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September 13, 2023

Sustainability is coming to Canadian businesses

Rather than wait for the 2024 regulations to hit, our recent study reveals five ways Canadian businesses can begin reporting on sustainability impacts and show progress toward their goals.

In Canada, reporting on environmental, sustainability and governance (ESG) has so far been done on a voluntary basis, by businesses eager to burnish their brand as a sustainable one. As a result, the processes for both tracking and mitigating environmental impacts are, on the whole, less rigorous in Canada than in regions more progressive on sustainability regulations.

However, regulations are coming. By 2024, the federal government will begin to require eligible banks, insurance companies and financial institutions to provide ESG disclosures on their climate-related risks. Although the guidelines are focused on financial services organizations, these firms play a prominent role in shaping the entire economy through their lending and investment. Because the “financed emissions” attributable to this lending and investment will need to be included in the new disclosures, financial institutions will need to collect sustainability data from their clients, which will require those businesses to formalize their own climate-related disclosures.

In this way, the regulations will produce a domino effect, in which Canadian businesses will need to understand and report on not just the sustainability impact of their own internal operations but also in their wider value chain.

That’s why—rather than wait for these regulations to hit—businesses should learn from their counterparts in other regions and begin understanding what it takes to not just report on sustainability impacts but also show progress toward their goals. In partnership with Oxford Economics, we surveyed 3,000 executives, including 262 in Canada, and found that the biggest challenge will be ramping up intensity around data-driven initiatives. This includes identifying what data to collect, automating its collection, working with clients and partners to provide accurate data, and determining the best options for mitigation.

We’ve developed five recommendations to help Canadian businesses overcome their data challenges and outperform their markets by embedding sustainability at their core.

#1 Boost sustainability investments to realize full business value

Source: Cognizant Research
Figure 1

Businesses across Canada are gearing up to increase investment in their sustainability initiatives. Average annual budget growth is expected to increase from 5.6% between 2018 and 2020 to 11.9% between 2025 and 2030.

#2 Elevate your internally focused sustainability initiatives for even greater return

Source: Cognizant Research
Figure 2

The top two initiatives Canadian businesses are pursuing to advance their sustainability transformation are energy-oriented and enabled by technology: using digital tools to make operations more efficient (77%) and generating energy through sustainable means such as solar panels (62%). Looking ahead to 2025, many have plans to make premises and processes more sustainable and less wasteful, and will ramp up their use of digital analytics to identify sustainability improvements in their operations.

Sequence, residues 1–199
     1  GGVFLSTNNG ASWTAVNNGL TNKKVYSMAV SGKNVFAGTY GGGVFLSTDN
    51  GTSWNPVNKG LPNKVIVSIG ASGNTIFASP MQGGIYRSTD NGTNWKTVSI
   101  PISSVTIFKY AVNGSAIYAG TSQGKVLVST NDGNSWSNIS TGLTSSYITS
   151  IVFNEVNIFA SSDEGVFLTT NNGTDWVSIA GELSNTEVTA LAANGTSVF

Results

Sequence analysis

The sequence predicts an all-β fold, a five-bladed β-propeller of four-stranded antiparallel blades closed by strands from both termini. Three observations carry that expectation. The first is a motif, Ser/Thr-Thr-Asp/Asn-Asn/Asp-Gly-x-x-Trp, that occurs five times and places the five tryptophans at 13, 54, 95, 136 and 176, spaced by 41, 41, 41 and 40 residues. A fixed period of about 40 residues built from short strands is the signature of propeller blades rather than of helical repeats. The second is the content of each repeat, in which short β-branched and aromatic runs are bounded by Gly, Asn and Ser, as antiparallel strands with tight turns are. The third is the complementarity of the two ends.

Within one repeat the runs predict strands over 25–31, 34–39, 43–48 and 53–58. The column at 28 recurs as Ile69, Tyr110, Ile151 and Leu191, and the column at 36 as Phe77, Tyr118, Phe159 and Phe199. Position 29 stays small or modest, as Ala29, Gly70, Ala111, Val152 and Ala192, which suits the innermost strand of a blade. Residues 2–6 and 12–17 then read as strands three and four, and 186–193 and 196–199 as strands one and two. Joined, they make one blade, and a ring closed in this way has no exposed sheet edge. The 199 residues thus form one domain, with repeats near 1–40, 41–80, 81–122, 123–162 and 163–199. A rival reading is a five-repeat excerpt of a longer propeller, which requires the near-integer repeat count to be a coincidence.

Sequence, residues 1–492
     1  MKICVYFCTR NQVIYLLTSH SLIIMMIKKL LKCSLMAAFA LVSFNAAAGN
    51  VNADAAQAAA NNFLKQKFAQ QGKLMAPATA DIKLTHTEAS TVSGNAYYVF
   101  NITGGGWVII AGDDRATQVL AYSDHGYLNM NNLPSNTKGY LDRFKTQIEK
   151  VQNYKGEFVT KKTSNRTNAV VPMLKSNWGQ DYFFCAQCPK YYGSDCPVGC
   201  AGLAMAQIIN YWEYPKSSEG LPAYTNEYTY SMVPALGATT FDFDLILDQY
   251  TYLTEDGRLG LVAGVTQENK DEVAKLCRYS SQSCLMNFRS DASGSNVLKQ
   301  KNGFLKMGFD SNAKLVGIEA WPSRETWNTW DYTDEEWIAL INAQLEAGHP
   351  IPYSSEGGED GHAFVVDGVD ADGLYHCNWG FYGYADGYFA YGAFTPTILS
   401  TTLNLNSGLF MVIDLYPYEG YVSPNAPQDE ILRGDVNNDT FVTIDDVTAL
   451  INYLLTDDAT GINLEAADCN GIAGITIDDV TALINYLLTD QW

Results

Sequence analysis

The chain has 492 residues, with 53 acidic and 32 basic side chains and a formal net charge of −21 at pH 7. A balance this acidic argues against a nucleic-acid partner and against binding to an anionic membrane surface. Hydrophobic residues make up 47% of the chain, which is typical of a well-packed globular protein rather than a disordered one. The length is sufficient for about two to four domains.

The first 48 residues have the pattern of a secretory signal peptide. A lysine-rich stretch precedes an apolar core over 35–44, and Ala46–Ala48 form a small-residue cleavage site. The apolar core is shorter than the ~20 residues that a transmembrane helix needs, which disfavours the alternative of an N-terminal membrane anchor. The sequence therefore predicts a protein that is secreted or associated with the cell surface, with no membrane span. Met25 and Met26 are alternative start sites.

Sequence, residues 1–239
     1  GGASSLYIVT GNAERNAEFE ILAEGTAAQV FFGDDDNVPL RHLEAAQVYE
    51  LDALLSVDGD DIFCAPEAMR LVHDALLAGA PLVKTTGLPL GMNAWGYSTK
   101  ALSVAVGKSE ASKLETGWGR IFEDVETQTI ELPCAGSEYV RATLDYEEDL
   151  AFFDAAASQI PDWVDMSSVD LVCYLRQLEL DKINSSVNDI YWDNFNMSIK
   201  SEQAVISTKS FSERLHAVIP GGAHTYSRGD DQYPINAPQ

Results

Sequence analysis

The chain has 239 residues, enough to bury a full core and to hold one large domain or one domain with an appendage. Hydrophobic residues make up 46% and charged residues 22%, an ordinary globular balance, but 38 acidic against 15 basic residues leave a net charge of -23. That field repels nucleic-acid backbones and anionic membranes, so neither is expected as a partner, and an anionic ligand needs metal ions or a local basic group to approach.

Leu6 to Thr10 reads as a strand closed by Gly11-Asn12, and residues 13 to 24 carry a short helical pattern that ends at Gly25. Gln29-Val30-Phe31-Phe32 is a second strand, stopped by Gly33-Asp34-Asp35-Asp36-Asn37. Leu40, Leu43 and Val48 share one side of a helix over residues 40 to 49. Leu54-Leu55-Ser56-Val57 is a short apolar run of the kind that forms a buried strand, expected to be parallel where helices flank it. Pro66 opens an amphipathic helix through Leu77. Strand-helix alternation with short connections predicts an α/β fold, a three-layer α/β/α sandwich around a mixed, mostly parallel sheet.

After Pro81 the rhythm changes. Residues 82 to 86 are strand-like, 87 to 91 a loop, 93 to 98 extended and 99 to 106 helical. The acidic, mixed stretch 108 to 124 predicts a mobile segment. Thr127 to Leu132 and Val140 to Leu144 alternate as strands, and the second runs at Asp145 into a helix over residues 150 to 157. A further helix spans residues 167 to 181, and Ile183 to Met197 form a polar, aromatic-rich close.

#3 Expand your sphere of influence, upstream and downstream, to achieve greater business benefits and impact

Source: Cognizant Research
Figure 3

Six in 10 Canadian businesses are greatly focusing their sustainability strategy on their internal operations compared with no more than half focusing on supply chain (50%) and products and services (46%). This emphasis on internal operations is completely justifiable as it stems from the confidence and control businesses can exert in this area.

Conversely, it’s more difficult to effect change in areas traditionally out of their own control, such as the complexities of modern supply chains or the afterlife of a product once in the customer’s hands. Businesses can gain greater rewards, however, by combining new levels of supplier engagement with the use of digital technologies to extend their reach and gain visibility and influence across the entire value chain.

#4 Explore new ways to apply and deploy mature and emerging technology

Source: Cognizant Research
Figure 4

Cloud, IoT and artificial intelligence are the most commonly implemented technologies to support sustainability efforts, but some less deployed technologies may be equally as impactful. Although only 42% of businesses in Canada have applied intelligent automation, for example, more than seven in 10 of those that have say it’s effective.

#5 Evolve power structures to allow for necessary shifts in culture and accountability

Source: Cognizant Research
Figure 5

While it’s primarily CEOs in Canada who allocate the sustainability budget (58%) and approve the sustainability strategy (74%), very few (less than 10%) are accountable or have their performance measured against the strategy’s success. Instead, it’s the chief sustainability officer (CSO) and other senior managers who are responsible for outcomes regardless of their absence at the strategy table.

To embed sustainability into the company’s culture, businesses must clarify roles and responsibilities, and clearly connect these to an incentives system to successfully encourage all employees to participate in sustainability endeavors.

Learn how your business (or you) can become sustainable to the core in our report, “Deep Green: How data, technology and collaboration will drive the next phase of sustainability in business.”

For even more on this topic, visit our Sustainability & Resilience webpage.

This article was written by Ambrose Chiu, Director, Sustainability Practice, Cognizant.

Cognizant Insights Team

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